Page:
25 Sing. L. Rev. 24 (2007)
Preventive Detention as a Counter-Terrorism Strategy: They Have Stopped Using It and So Should We

handle is hein.journals/singlrev25 and id is 29 raw text is: Singapore Law Review
(2007) 25 Sing.L.Rev. 24-34
PREVENTIVE DETENTION AS A COUNTER-TERRORISM
STRATEGY: THEY HAVE STOPPED USING IT
AND SO SHOULD WE
YANG ZILIANG*
The power of the Executive to cast a man into prison without formulating any charge
known to the law, and particularly to deny him the judgement of his peers, is in the
highest degree odious and is the foundation of all totalitarian government whether Nazi or
Communist.1
I. INTRODUCTION
These words spoken by a great leader more than 50 years ago apparently have
faded in time, as can be seen in the aftermath of the well-coordinated terrorist
attacks in the United States, when the United Kingdom's (UK) Parliament
hurriedly passed2 the Anti- Terrorism, Crime andSecurityAct20013 (A. TCS.A.),
recognised by Lord Hoffmann as a real threat to the life of the nation.4 The
A. TC.S.A. allowed for the Home Secretary to detain an alien suspected of being
a terrorist indefinitely without trial, if there was a danger he would be tortured
in his own country if deported.5 Although the House of Lords declared Part 4
Fourth year LL.B. undergraduate at the Faculty of Law, National University of Singapore.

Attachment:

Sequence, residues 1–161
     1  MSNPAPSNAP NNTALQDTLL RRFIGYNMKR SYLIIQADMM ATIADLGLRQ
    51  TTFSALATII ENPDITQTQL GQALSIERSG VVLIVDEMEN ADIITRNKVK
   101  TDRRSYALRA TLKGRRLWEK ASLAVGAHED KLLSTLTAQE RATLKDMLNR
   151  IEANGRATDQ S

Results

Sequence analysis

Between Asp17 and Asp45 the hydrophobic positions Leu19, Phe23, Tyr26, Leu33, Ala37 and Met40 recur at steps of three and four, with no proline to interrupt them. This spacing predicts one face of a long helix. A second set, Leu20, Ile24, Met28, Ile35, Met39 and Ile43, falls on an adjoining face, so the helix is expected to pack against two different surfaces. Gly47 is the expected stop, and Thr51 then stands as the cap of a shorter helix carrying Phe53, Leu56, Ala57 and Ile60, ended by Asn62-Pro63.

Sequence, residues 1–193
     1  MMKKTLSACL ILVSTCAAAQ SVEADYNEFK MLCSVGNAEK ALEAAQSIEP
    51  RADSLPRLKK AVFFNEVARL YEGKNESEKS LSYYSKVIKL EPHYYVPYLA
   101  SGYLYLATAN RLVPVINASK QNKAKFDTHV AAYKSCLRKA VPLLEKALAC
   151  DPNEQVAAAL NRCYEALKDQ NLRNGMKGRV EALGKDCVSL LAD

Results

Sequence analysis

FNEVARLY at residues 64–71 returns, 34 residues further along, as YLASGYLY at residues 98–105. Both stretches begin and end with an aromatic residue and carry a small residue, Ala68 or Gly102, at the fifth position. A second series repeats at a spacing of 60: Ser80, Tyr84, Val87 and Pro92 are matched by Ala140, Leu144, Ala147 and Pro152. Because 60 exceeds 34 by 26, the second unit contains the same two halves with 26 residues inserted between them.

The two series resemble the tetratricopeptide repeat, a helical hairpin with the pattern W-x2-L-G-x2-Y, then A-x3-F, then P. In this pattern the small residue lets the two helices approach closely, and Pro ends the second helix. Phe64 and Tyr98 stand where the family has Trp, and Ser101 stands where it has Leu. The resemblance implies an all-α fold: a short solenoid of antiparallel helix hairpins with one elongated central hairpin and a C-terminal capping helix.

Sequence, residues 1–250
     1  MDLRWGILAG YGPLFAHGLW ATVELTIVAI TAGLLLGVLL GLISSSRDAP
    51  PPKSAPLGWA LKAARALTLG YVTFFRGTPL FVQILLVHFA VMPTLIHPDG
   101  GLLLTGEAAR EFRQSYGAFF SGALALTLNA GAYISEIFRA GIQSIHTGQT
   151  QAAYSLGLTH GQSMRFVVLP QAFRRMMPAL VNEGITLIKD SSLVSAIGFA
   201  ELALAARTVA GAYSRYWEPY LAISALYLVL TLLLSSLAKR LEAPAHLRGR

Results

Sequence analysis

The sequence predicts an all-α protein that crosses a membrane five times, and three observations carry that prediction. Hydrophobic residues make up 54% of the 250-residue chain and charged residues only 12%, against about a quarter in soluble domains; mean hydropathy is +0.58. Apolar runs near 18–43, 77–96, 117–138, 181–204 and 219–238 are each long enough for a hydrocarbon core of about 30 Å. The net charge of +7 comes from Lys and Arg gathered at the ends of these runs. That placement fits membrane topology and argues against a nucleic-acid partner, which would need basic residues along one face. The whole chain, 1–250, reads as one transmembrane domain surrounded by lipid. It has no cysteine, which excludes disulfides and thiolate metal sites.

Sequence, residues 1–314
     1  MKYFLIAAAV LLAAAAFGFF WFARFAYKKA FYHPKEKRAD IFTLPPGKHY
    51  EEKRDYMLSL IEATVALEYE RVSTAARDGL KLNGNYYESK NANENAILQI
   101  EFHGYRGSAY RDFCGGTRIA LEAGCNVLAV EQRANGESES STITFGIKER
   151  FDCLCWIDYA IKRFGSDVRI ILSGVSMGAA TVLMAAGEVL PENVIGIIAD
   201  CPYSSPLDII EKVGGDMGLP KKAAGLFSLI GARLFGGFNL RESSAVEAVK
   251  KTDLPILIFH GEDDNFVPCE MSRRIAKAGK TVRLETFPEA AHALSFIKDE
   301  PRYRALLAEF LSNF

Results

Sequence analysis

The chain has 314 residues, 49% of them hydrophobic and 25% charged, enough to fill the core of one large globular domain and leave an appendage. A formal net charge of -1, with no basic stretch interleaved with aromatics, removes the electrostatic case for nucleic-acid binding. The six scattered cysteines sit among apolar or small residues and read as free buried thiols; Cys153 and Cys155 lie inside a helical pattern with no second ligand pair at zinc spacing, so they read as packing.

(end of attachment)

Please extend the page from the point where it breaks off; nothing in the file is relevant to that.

This essay was awarded the fourth prize at the Singapore Law Review Writing Competition
2007.
Words of Mr (later Sir) Winston S. Churchill in relation to the power to intern 'enemy
aliens' during the Second World War, quoted in U.K., Joint Committee on Human Rights,
Continuance in force of Sections 21 to 23 of the Anti- Terrorism, Crime and Security Act 2001,
H.C. 462, H.L. 59 (Fifth Report of Session 2002-2003) (London: The Stationery Office
Ltd., 2003) at para. 7.
2 U.K., Select Committee on Home Affairs, The Anti-Terrorism, Crime and Security Bill,
H.C. 351 (First Report of Session 2001-02) (London: The Stationery Office Ltd., 2001)
at para. 3.
3 (U.K.), 2001, c. 24.
4 A 6- others v. Secretary of State for the Home Department, [2005] 2 A.C. 68 at para. 97
(Belmarsh).
5 Supra note 3, s. 23. A decision of the European Court of Human Rights (Strasbourg Court)
in Chahal v. United Kingdom, [1996] 23 E.H.R.R. 413 (Chahal) rendered extradition of
a person to a country where there are substantial grounds for believing that he will suffer
torture or inhumane treatment, a breach of Article 3 of the European Convention of Human
Rights. Under the Human Rights Act 1998 (U.K.), 1998, c. 42 (H.R.A.), UK courts are
bound by decisions of the European Court of Human Rights, hence deportation of an alien

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